"Several years earlier, when radial keratotomy (RK)—a procedure to change the shape of the cornea and allow nearsighted people to “throw away” glasses—was new, Waring had pioneered a study to be sure it would be safe for patients to undergo. Then and now, any surgeon in the country could try any new operation he wanted, as long as the patient could be talked into being a guinea pig and the hospital allowed it. Federal regulations for evaluating new surgical procedures do not exist as they do for new drugs."

Dr Tom Harbin, 'Waking up Blind' - 2009

"Minerva raised the question of whether radial keratotomy is a really worthwhile advance? Firstly, it works up to only a maximum of -6D of myopia, and then unpredictably. Up to -3D it works very well, but why throw away the precious gift of being able to read fine print with the naked eye, a boon that comes to all low myopes with the onset of presbyopia? One wonders just how informed is the consent given by these low myopes.  What radial keratotomy has done is to focus the profession's attention on the visual  dissablement, the impairment of lifestyle, and the lack of self esteem of the really high myope.

Radial keratotomy is made to measure for capitalist society (ironically inspired by a leading Soviet surgeon); it cannot be denied that thereby fortunes have been made by radial keratotomists and by the suppliers of the necessary instrumentation."

D P Choyce, BMJ - 1985

"Returning to the issue of informed consent, the level of risk that an individual will accept before undergoing an elective procedure is patient-specific. As part of the informed consent process, he or she should be told of the risks of undercorrection and overcorrection, glare, diurnal fluctuation, infection, progressive effect (hyperopic shift), globe rupture, loss of best-corrected visual acuity, and other factors associated with the various surgical options. While we cannot quote exact numerical risks, we can tell our prospective patients that they maybe at increased risk of globe rupture for at least a decade after surgery, and they should therefore take reasonable precautions."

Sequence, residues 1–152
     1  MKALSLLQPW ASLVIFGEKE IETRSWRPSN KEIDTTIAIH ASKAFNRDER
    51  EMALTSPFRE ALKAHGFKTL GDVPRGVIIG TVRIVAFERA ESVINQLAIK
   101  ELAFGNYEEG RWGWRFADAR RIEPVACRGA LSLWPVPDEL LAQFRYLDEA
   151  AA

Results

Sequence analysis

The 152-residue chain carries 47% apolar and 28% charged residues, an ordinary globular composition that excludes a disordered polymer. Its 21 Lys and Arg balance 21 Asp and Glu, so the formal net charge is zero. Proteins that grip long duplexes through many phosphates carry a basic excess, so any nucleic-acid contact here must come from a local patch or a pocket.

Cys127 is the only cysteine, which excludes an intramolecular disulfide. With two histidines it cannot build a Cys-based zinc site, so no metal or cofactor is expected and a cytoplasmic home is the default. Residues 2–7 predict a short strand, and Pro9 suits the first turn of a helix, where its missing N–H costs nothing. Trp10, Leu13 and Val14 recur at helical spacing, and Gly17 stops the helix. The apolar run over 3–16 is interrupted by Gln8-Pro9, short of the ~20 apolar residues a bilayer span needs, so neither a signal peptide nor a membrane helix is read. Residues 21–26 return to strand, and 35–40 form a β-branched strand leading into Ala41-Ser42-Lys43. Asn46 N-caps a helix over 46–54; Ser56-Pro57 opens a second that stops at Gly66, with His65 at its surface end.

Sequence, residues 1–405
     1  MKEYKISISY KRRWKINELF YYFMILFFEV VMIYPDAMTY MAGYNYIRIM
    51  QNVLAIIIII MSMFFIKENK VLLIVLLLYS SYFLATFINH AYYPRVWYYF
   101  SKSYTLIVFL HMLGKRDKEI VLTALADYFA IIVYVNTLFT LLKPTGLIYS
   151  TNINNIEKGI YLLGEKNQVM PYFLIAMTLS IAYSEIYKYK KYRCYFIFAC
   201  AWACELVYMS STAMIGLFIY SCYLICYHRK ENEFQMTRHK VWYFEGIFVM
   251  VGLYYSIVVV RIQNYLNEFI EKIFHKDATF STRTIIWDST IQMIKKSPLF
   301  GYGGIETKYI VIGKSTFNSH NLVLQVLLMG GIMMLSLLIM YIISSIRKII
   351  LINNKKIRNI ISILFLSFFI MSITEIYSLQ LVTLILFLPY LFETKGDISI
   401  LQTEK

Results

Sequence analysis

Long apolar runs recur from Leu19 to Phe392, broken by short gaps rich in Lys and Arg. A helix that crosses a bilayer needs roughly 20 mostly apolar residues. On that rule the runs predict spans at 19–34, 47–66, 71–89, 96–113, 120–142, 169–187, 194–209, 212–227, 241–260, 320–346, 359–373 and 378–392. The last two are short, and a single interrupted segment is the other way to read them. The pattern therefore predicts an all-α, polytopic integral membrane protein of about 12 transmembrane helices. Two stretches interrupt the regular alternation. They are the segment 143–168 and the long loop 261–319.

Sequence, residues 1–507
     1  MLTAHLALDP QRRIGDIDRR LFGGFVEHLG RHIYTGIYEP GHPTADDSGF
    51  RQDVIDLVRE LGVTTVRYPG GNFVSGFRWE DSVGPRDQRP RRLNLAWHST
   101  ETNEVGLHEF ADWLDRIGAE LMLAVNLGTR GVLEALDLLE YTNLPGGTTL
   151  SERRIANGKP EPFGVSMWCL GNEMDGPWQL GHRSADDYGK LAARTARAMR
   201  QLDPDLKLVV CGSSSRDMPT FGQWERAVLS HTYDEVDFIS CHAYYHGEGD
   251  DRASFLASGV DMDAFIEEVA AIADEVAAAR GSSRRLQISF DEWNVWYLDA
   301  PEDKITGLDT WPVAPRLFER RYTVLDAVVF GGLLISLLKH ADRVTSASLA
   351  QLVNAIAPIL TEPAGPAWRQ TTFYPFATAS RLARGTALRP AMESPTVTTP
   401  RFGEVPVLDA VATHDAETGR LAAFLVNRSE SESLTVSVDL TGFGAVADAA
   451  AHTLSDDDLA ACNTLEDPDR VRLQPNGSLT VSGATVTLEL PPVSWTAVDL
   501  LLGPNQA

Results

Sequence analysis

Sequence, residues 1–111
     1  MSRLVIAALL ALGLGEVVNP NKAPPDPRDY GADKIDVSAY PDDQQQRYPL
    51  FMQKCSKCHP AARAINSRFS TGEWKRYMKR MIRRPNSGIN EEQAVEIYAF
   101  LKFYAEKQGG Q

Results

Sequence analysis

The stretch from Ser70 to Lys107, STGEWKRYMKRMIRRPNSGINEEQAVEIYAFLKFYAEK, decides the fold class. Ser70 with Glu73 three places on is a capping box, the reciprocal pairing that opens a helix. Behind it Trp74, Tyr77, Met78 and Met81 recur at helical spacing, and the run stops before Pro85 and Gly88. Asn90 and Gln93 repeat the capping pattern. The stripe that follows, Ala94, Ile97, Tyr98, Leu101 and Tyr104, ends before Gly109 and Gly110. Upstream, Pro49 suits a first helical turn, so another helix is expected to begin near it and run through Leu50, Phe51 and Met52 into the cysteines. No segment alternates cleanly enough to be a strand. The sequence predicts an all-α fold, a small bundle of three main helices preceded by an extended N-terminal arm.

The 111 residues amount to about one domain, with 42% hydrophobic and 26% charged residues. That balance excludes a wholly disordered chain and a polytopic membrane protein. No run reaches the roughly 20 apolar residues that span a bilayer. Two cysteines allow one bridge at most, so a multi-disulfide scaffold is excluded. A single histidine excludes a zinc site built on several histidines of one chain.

Peter J. McDonnell MD, Sight-Threatening Complications After Radial Keratotomy , Arch Ophthal, Feb 1996

 PERK Informed Consent - 1980

"Furthermore patients need to be made aware of common complications such as fluctuating vision and starburst pattern of glare, as well as vision-threatening complications such as keratitis, endophthalmitis, cataract, and irregular astigmatism."

Dr Charles Casebeer, Incisional Keratotomy - 1995

Toronto Consent Form - 1993

"Furthermore, patients should be told that the final effect of this procedure on an individual eye cannot be predicted with certainty, and that the result may not stabilize for several years.  The possibility of inducing hyperopia, and the implications of induced hyperopia should be explained. It may be helpful to over-minus a patient under cycloplegic conditions in order to demonstrate how induced hyperopia in a presbyopic state will affect distance and near vision as the patient grows older.  Each patient should be informed of the risk of permanent loss of one or more lines of vision, and of the rare possibility of loss of the eye. The patient should understand that this risk persists to some extent for an undetermined length of time after surgery. The informed consent should make the patient aware of potential uncertainties as well as complications associated with radial keratotomy."

Dr Walter J Stark, Anterior Segment Surgery - 1987

Sanders Consent -1985

"I then discuss the more common undesirable side effects of RK which include glare, fluctuations in vision, increased astigmatism, over- and under-corrections, permanent corneal scars, and instability. When I discuss over- and under-corrections, I demonstrate with trial lenses the most likely amount of myopia reduction for their age as well as several examples of both over and under-corrections."

Dr Frank B Thompson, Myopia Surgery - 1990

Sanders Consent - 1986

"As a result of the surgery, it is possible that my vision may be made worse. This could happen as a result of infection that could not be controlled with antibiotics or other means, in which case it-may be possible that the eye could be lost.  This could also occur due to irregular healing of the incisions such that the corneal surface would be distorted. I understand that, in that case, it may be necessary for me to wear a contact lens to effect useful vision and that this may not restore useful vision.

I understand that glare with night driving, halos around headlights, and star-shaped figures around lights occur after surgery. Usually these conditions go away with time. However it is possible that they can persist indefinitely.   Fluctuating vision different vision at different times of day) occurs after surgery. This condition usually disappears with time. However, it may persist to some degree indefinitely.  If for any reason, the second eye is not operated on and is not fitted with a contact lens, double vision with glasses may persist and cause vision problems.  This condition is usually worse in cases of higher myopia."

Dr Leo Bores, Goodbye Glasses - 1990

Bores Consent - 1990

Thompson Consent - 1990

Thornton Consent-1994


Waring Consent - 1992

Casebeer Consent - 1995